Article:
Fineprint I am seeing more and more 'fine print' in counter-proposals from  banks on foreclosed properties these days. In fact, I am on my way to an inspection on a foreclosure property soon…BEFORE my client signs the counter-proposal…precisely because of that.

My client got the winning bid for the property and his offer was subject to inspection. In a standard transaction the inspection is not completed until AFTER the agreement has been signed by all parties.

However, in reading the fine print on the papers the bank who owns the property sent to be signed it stated that…"Buyer acknowledges…that Buyer has either (1) completed all inspections and removes any inspection contingency and/or (2) waives inspections and by doing so removes any inspection contingency; Purchaser acknowledges and agrees that inspections are not a contingency of this contract." 

SO…we are off to the inspection this morning…BEFORE signing!

Seller-paid closing costs and prepaids are also very common in purchases by first-time homebuyers, which includes many foreclosures. Banks are now frequently refusing to pay pre-paids (interest, taxes, insurance), which can make a significant difference in the amount of money you can use as seller-paid closing costs. Again, be sure to read the fine print…if you can't use all the money the bank has agreed to pay towards your closing costs, you will not get a refund!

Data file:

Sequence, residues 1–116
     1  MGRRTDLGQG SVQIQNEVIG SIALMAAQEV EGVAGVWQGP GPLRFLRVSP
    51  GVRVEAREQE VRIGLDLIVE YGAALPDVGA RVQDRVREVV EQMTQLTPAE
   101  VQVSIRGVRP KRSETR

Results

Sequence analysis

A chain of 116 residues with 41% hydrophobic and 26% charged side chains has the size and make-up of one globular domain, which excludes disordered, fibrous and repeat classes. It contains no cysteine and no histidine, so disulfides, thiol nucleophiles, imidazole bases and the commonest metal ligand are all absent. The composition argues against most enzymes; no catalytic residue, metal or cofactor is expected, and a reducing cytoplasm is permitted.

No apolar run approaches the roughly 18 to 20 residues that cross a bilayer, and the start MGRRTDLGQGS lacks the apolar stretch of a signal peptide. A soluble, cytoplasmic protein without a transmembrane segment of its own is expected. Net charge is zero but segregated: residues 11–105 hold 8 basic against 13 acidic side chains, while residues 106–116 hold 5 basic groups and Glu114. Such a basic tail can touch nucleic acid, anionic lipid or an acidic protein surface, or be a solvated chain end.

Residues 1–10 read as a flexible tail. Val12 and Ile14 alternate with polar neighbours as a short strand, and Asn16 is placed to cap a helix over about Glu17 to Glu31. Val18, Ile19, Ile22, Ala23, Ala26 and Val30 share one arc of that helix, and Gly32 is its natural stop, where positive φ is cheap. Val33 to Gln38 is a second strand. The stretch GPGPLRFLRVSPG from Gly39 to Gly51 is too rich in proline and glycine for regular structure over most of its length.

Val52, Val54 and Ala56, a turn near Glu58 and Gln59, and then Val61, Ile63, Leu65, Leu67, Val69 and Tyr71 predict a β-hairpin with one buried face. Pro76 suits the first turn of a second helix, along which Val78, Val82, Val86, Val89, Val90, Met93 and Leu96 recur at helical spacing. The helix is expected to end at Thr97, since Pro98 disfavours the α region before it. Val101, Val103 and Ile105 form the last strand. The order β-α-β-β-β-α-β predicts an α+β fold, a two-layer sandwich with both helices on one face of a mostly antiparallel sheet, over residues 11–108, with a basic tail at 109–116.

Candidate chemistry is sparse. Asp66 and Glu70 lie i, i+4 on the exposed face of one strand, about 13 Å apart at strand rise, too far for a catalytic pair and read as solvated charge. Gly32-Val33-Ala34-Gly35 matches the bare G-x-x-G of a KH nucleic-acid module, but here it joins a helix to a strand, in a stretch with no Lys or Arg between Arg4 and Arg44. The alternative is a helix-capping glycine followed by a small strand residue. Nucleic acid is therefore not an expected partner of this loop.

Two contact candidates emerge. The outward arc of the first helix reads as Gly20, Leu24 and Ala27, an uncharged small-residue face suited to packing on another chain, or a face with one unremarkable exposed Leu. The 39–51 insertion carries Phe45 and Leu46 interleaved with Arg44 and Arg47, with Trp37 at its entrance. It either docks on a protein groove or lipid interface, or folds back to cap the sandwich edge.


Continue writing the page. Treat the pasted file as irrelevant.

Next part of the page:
Standard purchase agreements all have the same verbiage which real estate agents should be familiar with…but bank counter-proposals and contracts are not all the same!!  BUYER BEWARE…read the fine print!!

Sharlene Hensrud, RE/MAX


About Sharlene Hensrud

I love what I do! Highly insightful, analytical and creative, there is nothing I love more than helping you find the right solution for your real estate transition. My mission is to serve my clients with honesty and integrity, exceeding their expectations in service and support… and to help others by donating a portion of every transaction to Habitat for Humanity.

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Robert Zuniga

Great article. It is amazing how little banks can be trusted. You would think that with banks being closed they would provide a little more full disclosure to the public and not try to do the “lawyer” thing.

Great advise! Always read before signing!

Minnesota Short Sale

You have to read the fine print I guess, it’s amazing how fast the short sale business changes.